The answers showed how the financial wellness mix has changed. Since 2018, debt advice and incentives related to saving and financial measures have become increasingly popular with the employers surveyed. However, over the same period, companies were less likely to offer tuition reimbursements, rebate programs, or bank-at-work partnerships, either because of cost or a perception that these benefits were not appreciated by employees.

Around 27 percent of those surveyed provided an emergency fund or employee hardship this year, hardly changed compared to 2018. The emergency aid is most likely to give active employees the opportunity to withdraw from their retirement provisions, to enable paid leave donations or to share vacation Employees and provision of aid funds for employees in need.

The survey also found that:

  • Employee satisfaction, employee retention and stress relief were the main reasons for offering financial wellness initiatives.
  • Costs – both for the employer and for the employee –The top challenges in offering financial wellness benefits were followed by concerns about the complexity of the employees using the programs, data and privacy concerns, and perceived disinterest among employees.

Determination of needs

EBRI found that the most common steps taken to understand employees’ financial needs were reviewing employee contributions and withdrawals, interviewing employees, and analyzing aggregated health data.

“A total of 88 percent [of employers] took at least one step to understand their employees’ financial wellness needs, “said Craig Copeland, senior research associate at EBRI.” Three-quarters of companies examined some type of existing employee data and 56 percent used qualitative methods. “Interviews or lead focus groups with their employees.

Open enrollment options

Employees are approaching open enrollment with a newfound determination to prepare for what lies ahead and their personal finances are paramount, according to service provider MetLife.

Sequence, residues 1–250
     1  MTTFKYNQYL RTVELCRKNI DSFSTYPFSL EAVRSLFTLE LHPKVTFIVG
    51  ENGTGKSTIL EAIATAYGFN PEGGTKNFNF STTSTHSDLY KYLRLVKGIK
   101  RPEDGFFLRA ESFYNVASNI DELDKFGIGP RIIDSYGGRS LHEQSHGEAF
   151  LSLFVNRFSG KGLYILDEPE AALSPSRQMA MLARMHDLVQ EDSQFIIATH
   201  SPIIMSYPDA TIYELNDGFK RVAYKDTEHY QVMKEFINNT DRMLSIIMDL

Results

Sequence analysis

Based on a July survey of 1,000 full-time workers in the US:

  • 69 percent of respondents said improving their financial health was one of their top goals this year. Forty-five percent feel insecure about some aspects of their finances – one of which is that they feel reluctant to compare to their peers and have no experience with personal finances.
  • 27 percent of employees are more interested in life insurance this year, and 22 percent are more interested in paying for care with input tax money via health savings accounts or flexible spending accounts and having access to financial planning and educational instruments.

“In this difficult environment, it is important that employers understand the stress, anxiety and insecurity of employees,” said Meredith Ryan-Reid, senior vice president and head of financial wellness and engagement at MetLife. “Employees understand that social benefits play a crucial role in achieving financial security and will use this year’s registration to make more conscious use of these offers in the future.”

Related SHRM items:

Emergency Savings Accounts Funded by Payroll Deductions Boost Financial Wellbeing, SHRM Online, September 2020

How Income Advances Loans Help Financially Stressed Employees, SHRM Online, Feb 2020

Helping Employees Save For The Unexpected Pays Off, SHRM Online, August 2019

6 Ways To Measure The Success Of Financial Wellness Efforts, SHRM Online, January 2019

Related SHRM resources:

Open Enrollment Guide & Resources

[Visit SHRM’s resource page on open enrollment.]